It is now 2021, and we have indeed reached a vertiginous peak of user-generated content. Reader, it is this:
Over the past few weeks, I’ve tried to argue that user-generated content thrives best as user-aggregated content—that is, when consumers become creators by recontextualizing other users’ work as foundations for their own. Viral examples of this fan-fiction remixing include memes, subtweets, TikTok videos, and maybe most excitingly, Roblox. But note the benefits to the platforms. TikTok, Twitter, and Roblox are all metaverses in their way because they democratize the tools for developing their own platform and hand these over to users to build off each other’s work. Each user’s creation is another’s building block, and so the universe expands virally through users redeploying each other’s work in as lo-fi and relatable a way as possible.
In crypto, there’s a simpler term for this process: a hard fork. A group of users redeploy a pre-fab source code with a few tweaks of their own that change the function and purpose of the project; Ethereum, for example, has been hard-forked as both Ethereum Classic as well as the Binance Smart Chain. Hard forks, like memes or the TikTok video above, are a kind of parodic type of fan fiction in which one user’s project becomes another’s building block for very different aims.
Sure, you might say that there’s a major difference between user-generated content and user-generated finance here: UGC lets users expand a universe by building inside of it whereas UGF produces separate universes altogether. In fact, UGC also has its hard forks of favorite chains (witness the alternate storylines spun off from the TikTok chain above), just as UGF has its own legions of developers building off each other’s code to expand an underlying ecosystem.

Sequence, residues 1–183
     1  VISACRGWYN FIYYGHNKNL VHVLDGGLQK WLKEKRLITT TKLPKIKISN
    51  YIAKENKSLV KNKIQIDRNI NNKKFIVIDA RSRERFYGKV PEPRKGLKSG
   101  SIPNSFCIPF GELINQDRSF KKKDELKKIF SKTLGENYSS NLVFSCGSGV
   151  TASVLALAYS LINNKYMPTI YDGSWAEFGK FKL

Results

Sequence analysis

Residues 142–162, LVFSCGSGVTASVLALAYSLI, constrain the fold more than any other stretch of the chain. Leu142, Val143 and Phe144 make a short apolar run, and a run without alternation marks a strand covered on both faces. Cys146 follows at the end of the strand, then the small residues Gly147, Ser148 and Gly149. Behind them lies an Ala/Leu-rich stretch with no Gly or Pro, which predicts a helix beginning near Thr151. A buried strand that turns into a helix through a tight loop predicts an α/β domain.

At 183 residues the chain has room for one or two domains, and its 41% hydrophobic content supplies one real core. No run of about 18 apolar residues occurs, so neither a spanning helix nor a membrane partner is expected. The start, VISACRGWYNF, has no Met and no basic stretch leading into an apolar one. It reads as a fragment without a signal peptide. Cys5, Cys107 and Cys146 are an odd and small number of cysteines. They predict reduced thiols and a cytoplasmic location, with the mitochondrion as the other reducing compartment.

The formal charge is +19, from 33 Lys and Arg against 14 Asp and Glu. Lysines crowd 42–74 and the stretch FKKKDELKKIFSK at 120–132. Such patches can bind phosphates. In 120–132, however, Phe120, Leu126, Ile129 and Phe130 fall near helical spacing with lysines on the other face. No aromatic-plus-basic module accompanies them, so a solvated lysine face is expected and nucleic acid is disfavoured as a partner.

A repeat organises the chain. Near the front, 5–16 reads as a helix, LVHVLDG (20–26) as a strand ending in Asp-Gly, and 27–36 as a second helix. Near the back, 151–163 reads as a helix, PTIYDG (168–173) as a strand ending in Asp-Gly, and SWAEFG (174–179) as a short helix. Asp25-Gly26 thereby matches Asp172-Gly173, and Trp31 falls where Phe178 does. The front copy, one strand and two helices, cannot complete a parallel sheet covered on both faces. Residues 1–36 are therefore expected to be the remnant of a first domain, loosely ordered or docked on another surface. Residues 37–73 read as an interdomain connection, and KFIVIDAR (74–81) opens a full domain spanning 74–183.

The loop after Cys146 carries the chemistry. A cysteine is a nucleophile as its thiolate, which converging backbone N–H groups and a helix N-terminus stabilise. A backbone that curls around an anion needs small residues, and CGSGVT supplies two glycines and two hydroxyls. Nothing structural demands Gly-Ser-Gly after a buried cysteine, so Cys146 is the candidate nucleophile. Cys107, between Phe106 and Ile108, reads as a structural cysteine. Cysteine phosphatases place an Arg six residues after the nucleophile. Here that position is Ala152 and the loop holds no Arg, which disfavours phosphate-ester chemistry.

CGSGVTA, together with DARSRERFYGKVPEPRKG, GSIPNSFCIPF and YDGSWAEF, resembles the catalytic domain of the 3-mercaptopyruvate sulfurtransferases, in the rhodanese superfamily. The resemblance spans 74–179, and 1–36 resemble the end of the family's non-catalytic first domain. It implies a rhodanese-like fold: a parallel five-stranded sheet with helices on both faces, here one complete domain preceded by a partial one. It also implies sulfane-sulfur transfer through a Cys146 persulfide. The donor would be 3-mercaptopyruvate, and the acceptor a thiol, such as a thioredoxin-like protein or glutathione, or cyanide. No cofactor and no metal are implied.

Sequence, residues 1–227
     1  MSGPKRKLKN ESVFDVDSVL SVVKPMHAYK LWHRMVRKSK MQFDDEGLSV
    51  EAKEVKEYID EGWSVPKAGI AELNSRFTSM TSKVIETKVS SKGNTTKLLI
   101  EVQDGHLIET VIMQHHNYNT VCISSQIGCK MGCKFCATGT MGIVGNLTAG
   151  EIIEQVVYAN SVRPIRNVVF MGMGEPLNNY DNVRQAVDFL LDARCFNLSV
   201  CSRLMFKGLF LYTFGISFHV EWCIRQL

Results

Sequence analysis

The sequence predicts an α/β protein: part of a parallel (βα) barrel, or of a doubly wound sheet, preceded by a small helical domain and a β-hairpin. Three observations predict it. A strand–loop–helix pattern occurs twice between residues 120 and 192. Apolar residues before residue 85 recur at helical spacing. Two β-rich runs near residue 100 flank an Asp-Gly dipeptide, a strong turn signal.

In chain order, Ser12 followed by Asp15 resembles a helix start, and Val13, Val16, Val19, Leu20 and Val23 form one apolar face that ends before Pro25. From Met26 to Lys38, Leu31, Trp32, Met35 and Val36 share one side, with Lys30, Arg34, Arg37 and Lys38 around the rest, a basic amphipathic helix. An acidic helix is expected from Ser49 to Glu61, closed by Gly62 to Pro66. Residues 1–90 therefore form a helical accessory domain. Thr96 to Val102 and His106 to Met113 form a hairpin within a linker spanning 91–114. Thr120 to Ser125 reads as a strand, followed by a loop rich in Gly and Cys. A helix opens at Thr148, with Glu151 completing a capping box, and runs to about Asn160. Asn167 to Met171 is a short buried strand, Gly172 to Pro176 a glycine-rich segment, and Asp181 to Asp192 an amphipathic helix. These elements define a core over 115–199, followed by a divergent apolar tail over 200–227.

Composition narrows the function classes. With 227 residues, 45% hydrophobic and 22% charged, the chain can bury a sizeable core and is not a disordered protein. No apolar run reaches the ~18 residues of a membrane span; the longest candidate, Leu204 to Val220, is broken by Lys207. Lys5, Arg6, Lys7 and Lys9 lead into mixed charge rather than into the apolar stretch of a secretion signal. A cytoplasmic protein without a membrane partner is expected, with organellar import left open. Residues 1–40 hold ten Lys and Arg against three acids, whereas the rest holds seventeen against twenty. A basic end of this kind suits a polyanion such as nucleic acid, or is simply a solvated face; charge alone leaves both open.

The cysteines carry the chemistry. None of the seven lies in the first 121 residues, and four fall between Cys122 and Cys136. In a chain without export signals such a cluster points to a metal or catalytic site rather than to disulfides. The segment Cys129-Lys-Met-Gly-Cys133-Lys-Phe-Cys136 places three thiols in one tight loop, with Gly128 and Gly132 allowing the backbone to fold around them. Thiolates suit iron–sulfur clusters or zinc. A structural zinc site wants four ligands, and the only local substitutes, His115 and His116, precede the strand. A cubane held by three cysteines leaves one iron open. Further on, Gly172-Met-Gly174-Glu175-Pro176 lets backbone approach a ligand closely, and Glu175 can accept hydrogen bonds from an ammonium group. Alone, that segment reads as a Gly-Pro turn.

But perhaps the bigger difference is that centralized media is not in competition with UGC whereas centralized finance is increasingly at odds with UGF. Netflix and Disney will continue commanding the capital, expertise, and labor-time to produce spectacles that awe with their artifice, precisely because they’re nothing we could see in our home lives; UGC will hopefully continue to pilfer these spectacles’ codes and cliches for videos like the one above. It is harder to imagine how legacy banks with their top-down structures and outdated office politics will continue to compete with the organic, rhizomatic growth of DeFi ecosystems. All else aside, democratizing creation accelerates creation; user-generated universes can grow much faster than their corporate counterparts.
Nevertheless, UGF, like UGC, is still figuring out how to monetize creators for their work within established ecosystems. Paradoxically, the fact that token prices go up when projects are good arguably makes it harder for users to be paid directly for their labor in UGF than UGC. It is one of a few reasons I’m personally excited by Radix, which not only will allow interoperability between different chains, but enable developers to receive rewards whenever another developer expands on their work and sells it. If it works, developers will be massively incentivized to create components that other devs can use with their own projects, not only accelerating development for individual projects but generating a large, open-source library of components for any project to build on—while proportionately compensating each party for their work.